With this settlement, Duke Energy has committed to fully excavating coal ash at the Rogers/Cliffside Energy Complex and moving it to a lined landfill where it will no longer pollute groundwater and the Broad River. This is the solution we’ve advocated for the last seven years, and it is a huge victory for our environment and for the front line communities most impacted by decades of coal ash pollution.

Statement from David Caldwell, Broad Riverkeeper:

Thanks should be given to the hundreds of local concerned citizens in Rutherford and Cleveland Counties, who showed up, stood up and spoke out at several public meetings. Together we were able to convince NCDEQ, our Department of Environmental Quality, and Duke Energy that moving all of the coal ash, a byproduct of 70 years of burning coal, to dry storage is the safest alternative to closing coal ash basins.

Read the full press release from SELC below.

For Release: January 2, 2020

Contact: SELC, Kathleen Sullivan, 919-945-7106 or ksullivan@selcnc.org

North Carolina Settlement Results in Largest Coal Ash Cleanup in America
Community Groups, N.C. DEQ and Duke Energy Reach Settlement to Clean Up Coal Ash at Six North Carolina Sites

CHAPEL HILL, N.C.—The Southern Environmental Law Center today announced it reached a settlement with Duke Energy and the N.C. Department of Environmental Quality to clean up coal ash at six North Carolina sites on behalf of Appalachian Voices, Stokes County Branch of the NAACP, MountainTrue, Catawba Riverkeeper Foundation, Waterkeeper Alliance, Sierra Club, Roanoke River Basin Association, Cape Fear River Watch, Neuse River Foundation/Sound Rivers, and N.C. State Conference of the NAACP. With this agreement, North Carolina will benefit from the largest coal ash cleanup in America to date.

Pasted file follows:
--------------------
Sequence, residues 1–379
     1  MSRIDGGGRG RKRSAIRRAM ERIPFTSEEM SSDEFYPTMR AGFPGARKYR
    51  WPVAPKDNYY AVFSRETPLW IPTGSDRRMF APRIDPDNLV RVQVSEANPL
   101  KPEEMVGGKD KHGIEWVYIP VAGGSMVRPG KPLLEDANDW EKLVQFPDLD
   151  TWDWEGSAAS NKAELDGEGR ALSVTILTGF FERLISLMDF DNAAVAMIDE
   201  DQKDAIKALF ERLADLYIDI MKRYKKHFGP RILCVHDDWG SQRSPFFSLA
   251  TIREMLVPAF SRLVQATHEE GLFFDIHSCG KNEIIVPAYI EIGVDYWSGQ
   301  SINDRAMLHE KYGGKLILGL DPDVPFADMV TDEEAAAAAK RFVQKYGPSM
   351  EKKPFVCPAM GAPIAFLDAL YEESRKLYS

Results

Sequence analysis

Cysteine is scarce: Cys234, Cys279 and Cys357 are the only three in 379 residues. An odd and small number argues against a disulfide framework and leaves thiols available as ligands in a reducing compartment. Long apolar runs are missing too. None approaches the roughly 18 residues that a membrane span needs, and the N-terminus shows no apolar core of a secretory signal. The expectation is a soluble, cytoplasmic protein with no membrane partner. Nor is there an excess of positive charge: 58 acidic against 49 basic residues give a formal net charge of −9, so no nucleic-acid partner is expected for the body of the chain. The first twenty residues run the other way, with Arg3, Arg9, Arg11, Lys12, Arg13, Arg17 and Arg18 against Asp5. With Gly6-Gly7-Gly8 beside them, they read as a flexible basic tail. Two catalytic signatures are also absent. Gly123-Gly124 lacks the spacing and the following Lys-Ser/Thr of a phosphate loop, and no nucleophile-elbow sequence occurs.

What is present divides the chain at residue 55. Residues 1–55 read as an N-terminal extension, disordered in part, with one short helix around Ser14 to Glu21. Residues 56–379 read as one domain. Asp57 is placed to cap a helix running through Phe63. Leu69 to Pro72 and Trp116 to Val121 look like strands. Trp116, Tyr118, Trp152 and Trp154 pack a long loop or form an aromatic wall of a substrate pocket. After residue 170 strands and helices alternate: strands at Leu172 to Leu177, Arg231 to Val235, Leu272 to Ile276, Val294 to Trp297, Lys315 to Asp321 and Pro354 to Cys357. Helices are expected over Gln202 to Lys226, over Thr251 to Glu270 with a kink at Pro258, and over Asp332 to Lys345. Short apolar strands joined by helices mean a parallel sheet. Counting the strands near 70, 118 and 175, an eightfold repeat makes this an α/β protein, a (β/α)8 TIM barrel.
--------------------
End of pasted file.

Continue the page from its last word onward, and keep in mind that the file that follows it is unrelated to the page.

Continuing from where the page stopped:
Approximately 80 million tons of coal ash will be excavated from six Duke Energy coal ash sites: Allen, Belews Creek, Cliffside, Marshall, Mayo, and Roxboro. At each of these sites, coal ash is stored in unlined, leaking pits near waterbodies. Prior settlements and court orders require cleanups and excavation of coal ash at the eight other Duke Energy sites in North Carolina for the excavation of 46 million tons of coal ash: Asheville, Riverbend, Dan River, Sutton, Weatherspoon, Cape Fear, Lee, and Buck. This agreement now puts in place a comprehensive cleanup plan for all coal ash lagoons at all 14 Duke Energy sites in North Carolina under which 126 million tons of ash has been or will be excavated across the state.

In April 2019, the North Carolina Department of Environmental Quality (DEQ) ordered Duke Energy to clean up the remaining six coal ash storage sites in the state that were not yet slated to be cleaned up. Duke Energy appealed those orders, and the Southern Environmental Law Center intervened on behalf of community groups to support cleanup, alongside DEQ.
This agreement resolves Duke Energy’s pending appeals of DEQ’s April order, a state court enforcement proceeding brought by DEQ in which community groups represented by SELC are intervenors, and three federal court actions brought by SELC on behalf of the Roanoke River Basin Association, Stokes County Branch of the NAACP, N.C. State Conference of the NAACP, and Appalachian Voices.

Today’s settlement culminates efforts that began in 2012 when the Southern Environmental Law Center first went to court to seek cleanup of coal ash pollution on behalf of community groups in South Carolina and thereafter brought administrative and legal actions that sought coal ash cleanups in North Carolina. Now every utility in South Carolina is excavating its coal ash from every unlined lagoon in the state and cleanups are required and will be underway at every coal ash site in North Carolina. Coal ash has been, is being, and will be removed from coal ash pits owned by three utilities on rivers that flow through both states.